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Results: 6

Palivizumab for reducing the risk of severe RSV infection in children

Respiratory syncytial virus (RSV) infection is a major cause of acute respiratory infections in children. RSV infection can lead to morbidity and mortality in children, resulting in hospitalization, admission to an intensive care unit, the need for intensive medical therapies and death.

Cochrane Database of Systematic Reviews: Plain Language Summaries [Internet] - John Wiley & Sons, Ltd.

Version: 2013

Antibiotics for persistent cough or wheeze following acute bronchiolitis in children

Bronchiolitis is a common lung infection, affecting children across the world. It is usually caused by a virus called RSV (respiratory syncytial virus) but other viruses can cause this too. Young children with bronchiolitis normally have a cough, fast and difficult breathing, and poor feeding. Antibiotics are not normally prescribed to children with bronchiolitis unless there is concern of a secondary bacterial infection. However, some children continue to have ongoing problems (i.e. wheeze, cough) after the acute viral infection (> 14 days); increasing the risk of burden of disease and cost to the health system. These children often re‐present for further medical care in the community (general practitioners and health providers) or in hospital (emergency departments). Antibiotics may help treat these ongoing symptoms and get rid of the bacteria in the lungs.

Cochrane Database of Systematic Reviews: Plain Language Summaries [Internet] - John Wiley & Sons, Ltd.

Version: 2014

Heliox inhalation therapy for bronchiolitis in infants

Bronchiolitis is the leading cause of hospitalisation among infants in high‐income countries. Common symptoms include a runny nose, cough and dyspnoea (difficulty breathing) often with bronchospasm (sudden narrowing of the airways) and resultant wheezing. Approximately 20% of all infants experience wheezing associated with respiratory syncytial virus in the first year of life, and 2% to 3% require hospitalisation for this illness. In this review, we selected trials that objectively assessed the effect of the addition of heliox to standard medical care for acute bronchiolitis. Heliox is a mixture of oxygen and the gas helium.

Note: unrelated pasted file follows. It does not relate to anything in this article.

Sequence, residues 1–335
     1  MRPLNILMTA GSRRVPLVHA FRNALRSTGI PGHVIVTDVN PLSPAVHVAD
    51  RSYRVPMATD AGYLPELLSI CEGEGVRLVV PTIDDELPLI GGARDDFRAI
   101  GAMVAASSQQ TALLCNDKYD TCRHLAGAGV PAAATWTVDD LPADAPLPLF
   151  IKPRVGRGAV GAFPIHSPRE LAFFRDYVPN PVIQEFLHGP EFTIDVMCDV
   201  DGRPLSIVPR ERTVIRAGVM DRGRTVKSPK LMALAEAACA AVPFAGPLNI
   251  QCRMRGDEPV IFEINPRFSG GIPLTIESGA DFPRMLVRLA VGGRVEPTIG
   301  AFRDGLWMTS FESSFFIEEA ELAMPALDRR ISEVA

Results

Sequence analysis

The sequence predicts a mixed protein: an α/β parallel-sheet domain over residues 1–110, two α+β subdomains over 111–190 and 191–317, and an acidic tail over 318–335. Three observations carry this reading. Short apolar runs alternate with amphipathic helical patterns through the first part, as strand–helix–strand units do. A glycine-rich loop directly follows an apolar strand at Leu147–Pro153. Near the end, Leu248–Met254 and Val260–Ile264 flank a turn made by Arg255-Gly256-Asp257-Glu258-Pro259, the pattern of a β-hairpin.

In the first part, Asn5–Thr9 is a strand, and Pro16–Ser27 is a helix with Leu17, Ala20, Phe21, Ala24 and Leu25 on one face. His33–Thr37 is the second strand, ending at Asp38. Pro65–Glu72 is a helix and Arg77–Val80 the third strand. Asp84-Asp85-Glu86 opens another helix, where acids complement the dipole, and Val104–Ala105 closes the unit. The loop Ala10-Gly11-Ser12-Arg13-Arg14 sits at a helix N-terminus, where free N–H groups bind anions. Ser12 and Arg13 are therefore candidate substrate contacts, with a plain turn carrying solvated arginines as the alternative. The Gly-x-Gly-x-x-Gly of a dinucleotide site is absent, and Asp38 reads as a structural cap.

Cochrane Database of Systematic Reviews: Plain Language Summaries [Internet] - John Wiley & Sons, Ltd.

Version: 2013

Nebulised deoxyribonuclease for viral bronchiolitis in children younger than 24 months

Bronchiolitis is the most common respiratory illness leading to hospitalisations in infants. Viral infections, particularly respiratory syncytial virus, are the usual cause, which lead to blockage of the small airways of the lungs due to inflammation and increased mucus production. Afflicted children have fever, cough, wheezing and difficulty breathing. Treatment is usually supportive. In bronchiolitis, the mucus produced contains large amounts of DNA, which makes it thicker and stickier. Removal of this DNA facilitates clearance of the mucus. RhDNase is an enzyme that breaks down DNA and hence may improve symptoms. We performed this review to assess the effect of rhDNase delivered through a nebuliser in children under 24 months old hospitalised for bronchiolitis.

Cochrane Database of Systematic Reviews: Plain Language Summaries [Internet] - John Wiley & Sons, Ltd.

Version: 2012

Antibiotics for bronchiolitis in children under two years of age

We reviewed the evidence on the effect of antibiotics on clinical outcomes in children with bronchiolitis.

Cochrane Database of Systematic Reviews: Plain Language Summaries [Internet] - John Wiley & Sons, Ltd.

Version: 2014

Helium‐oxygen (heliox) treatment for croup in children

Croup is an acute illness commonly seen in children up to six years of age but mostly by the age of two. It is triggered by viral infections causing upper airway obstruction with varying degrees of respiratory distress. Mostly, it is mild and transient and resolves with supportive care. Croup is characterised by a barking cough, hoarseness, varying degrees of inspiratory stridor (abnormal breathing sound) and chest wall retractions and is usually preceded by one to three days of upper respiratory tract infection symptoms. The peak croup seasons are autumn and winter but can occur at any time.

Cochrane Database of Systematic Reviews: Plain Language Summaries [Internet] - John Wiley & Sons, Ltd.

Version: 2014

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